Class starts with an icebreaker before a group of eight girls settle into their seats.
The lesson turns to an exploration of values, such as being self-aware, having healthy relationships and demonstrating leadership.
The girls are sophomores at Julian High School, in Chicago’s East Beverly neighborhood on the South Side.
It’s the sister program to one that’s received plenty of attention: Becoming a Man, or BAM. Both are designed to provide young men–and in this case young women–with mentoring and group counseling.
While BAM has reached thousands of young men in Chicago Public Schools in the last 15 years, this program, called Working on Womanhood, or WOW, began quietly just five years ago.
“Our girls … they’re going through a lot,” said program manager Gail Day. “I know it’s national attention on boys and violence, but I don’t want our girls to suffer in silence; that trauma that they’re suffering inside.”
Youth Guidance is the nonprofit that operates both programs. Its research shows that 84 percent of WOW participants have experienced five or more major traumatic events in their young lives.
And 82 percent have had someone close to them die, while 67 percent report having been slapped, hit or punched by someone. Before beginning their WOW therapy, 72 percent of WOW girls reported some degree of depression.
“I think a lot of depression comes from the negative views that they have of themselves, and it’s not based on what they have, but it’s how society, families, friends, perceive them,” said Day. “But helping them have a healthy self-awareness is really critical. That’s why it’s our first core value.”
Sixteen-year-old Taniyia’s favorite value is leadership.
“I think leadership stands out to me the most because the way you carry yourself … if you carry yourself in a nice way you can be a leader to somebody, and they can look up to you,” she explained.
She hopes it will help her with her with her plans to become a nurse.
“Because I want to help people out; that’s my goal that I want to do when I get older,” Taniyia said.
Her classmate, 15-year old Shontia, says she’s using the lessons learned in WOW to find her way through high school.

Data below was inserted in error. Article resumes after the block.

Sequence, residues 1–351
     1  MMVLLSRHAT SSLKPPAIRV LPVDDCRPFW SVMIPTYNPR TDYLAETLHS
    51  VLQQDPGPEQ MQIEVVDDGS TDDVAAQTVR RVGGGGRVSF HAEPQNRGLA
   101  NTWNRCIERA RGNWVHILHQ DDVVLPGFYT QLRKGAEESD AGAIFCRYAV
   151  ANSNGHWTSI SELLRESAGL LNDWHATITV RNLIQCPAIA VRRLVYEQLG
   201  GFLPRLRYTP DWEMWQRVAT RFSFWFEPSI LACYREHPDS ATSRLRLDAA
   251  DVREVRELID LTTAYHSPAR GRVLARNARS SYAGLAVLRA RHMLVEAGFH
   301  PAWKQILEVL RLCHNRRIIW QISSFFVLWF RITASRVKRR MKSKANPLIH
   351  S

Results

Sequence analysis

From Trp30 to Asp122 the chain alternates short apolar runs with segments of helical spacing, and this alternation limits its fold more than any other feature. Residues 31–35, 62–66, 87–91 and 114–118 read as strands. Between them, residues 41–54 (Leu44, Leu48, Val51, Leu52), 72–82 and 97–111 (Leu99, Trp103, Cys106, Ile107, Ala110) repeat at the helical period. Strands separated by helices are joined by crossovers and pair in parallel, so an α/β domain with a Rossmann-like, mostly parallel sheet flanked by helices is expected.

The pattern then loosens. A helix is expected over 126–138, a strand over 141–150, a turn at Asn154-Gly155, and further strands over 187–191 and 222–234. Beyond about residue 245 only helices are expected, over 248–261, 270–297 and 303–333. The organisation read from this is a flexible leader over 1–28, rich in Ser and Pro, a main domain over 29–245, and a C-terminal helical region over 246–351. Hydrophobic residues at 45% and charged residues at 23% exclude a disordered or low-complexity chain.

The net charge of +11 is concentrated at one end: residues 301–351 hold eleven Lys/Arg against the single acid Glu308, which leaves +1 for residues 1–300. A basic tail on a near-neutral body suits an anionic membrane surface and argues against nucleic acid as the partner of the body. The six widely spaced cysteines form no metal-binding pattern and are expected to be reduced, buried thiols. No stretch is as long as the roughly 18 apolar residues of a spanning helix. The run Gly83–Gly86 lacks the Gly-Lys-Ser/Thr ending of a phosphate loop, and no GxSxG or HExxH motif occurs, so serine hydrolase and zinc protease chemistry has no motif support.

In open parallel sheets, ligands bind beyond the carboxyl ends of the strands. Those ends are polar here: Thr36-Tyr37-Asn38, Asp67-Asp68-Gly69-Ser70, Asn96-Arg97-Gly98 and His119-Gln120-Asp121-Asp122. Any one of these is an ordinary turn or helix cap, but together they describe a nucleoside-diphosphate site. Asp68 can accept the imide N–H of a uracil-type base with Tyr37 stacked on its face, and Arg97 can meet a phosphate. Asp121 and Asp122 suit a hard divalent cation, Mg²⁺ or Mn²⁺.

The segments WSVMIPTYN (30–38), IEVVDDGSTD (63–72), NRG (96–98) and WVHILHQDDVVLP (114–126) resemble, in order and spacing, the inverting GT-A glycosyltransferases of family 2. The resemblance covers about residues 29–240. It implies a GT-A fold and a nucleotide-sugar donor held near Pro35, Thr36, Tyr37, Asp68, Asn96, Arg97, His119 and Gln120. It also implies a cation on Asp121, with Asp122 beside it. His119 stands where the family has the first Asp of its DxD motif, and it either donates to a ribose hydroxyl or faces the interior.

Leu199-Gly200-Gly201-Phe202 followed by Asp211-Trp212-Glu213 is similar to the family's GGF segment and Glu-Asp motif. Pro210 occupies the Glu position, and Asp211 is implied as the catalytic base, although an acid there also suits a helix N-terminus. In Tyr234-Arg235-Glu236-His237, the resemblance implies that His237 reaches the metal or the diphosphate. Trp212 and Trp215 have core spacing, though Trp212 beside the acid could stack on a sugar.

“Freshman year it was really hard, but I’m starting to like it; get the hang of it. That’s one of the things about healthy relationships, because healthy relationships help me bond with others, put myself in people that want to do something with (themselves), not people with drama and stuff,” she said.
Julian High School is rated a level two school by CPS, and it’s on intensive support. Its population is 96 percent low-income.
But assistant principal Michelle Brumfield believes her student body is rich in strong students, despite the school’s challenges, which is why she makes it a point to participate in weekly sessions.
“Sometimes they lack certain resources, so now when I think about the work of WOW … we’re a school of over 600 students and we have one counselor,” said Brumfield. “How can one counselor possibly successfully impact over 600 people? So I like knowing that here at Julian, that there is a team of people here, of professional women, who can talk to our young people.”
WOW is in 22 CPS schools this year, reaching 1,000 seventh- through 12th-grade girls, like Shontia and Taniyia.
WOW research shows 67 percent of girls reported decreased depression after one year of WOW counseling.
“I kinda look at WOW like it’s an IV, you know, you go in the hospital and they hook you up and you might be dehydrated, WOW is in that pouch, and there’s a constant drip into our circle for our girls to give them balance, so they can do better and succeed in school and life,” said Day.
At the end of the session, the girls check out with each other, describing how they feel in one word.
Students say they are “excited,” “inspired” and “happy.”
Other words like “hopeful,” “motivated” and “proud” describe their feelings, arming them with the confidence and mental focus they’ll need to finish the day.
Follow Brandis Friedman on Twitter: @BrandisFriedman
Though the city isn't providing additional funding for WOW this year, the mayor's office has said it plans to expand WOW by 30 percent to serve 1,300 young women by 2018.
The University of Chicago Urban Labs, which has studied the effects of BAM, plans to research the effects of WOW starting next year.
Sept. 26: The mayor makes mentoring programs a centerpiece of his anti-violence strategy. How much impact could they have?
Sept. 20: Community leaders from around Chicago join us for an hourlong conversation about the root causes of Chicago's violence, and what can be done to stop it.
June 28: Becoming A Man aims to help group members rethink their responses to high-stress and potentially dangerous situations.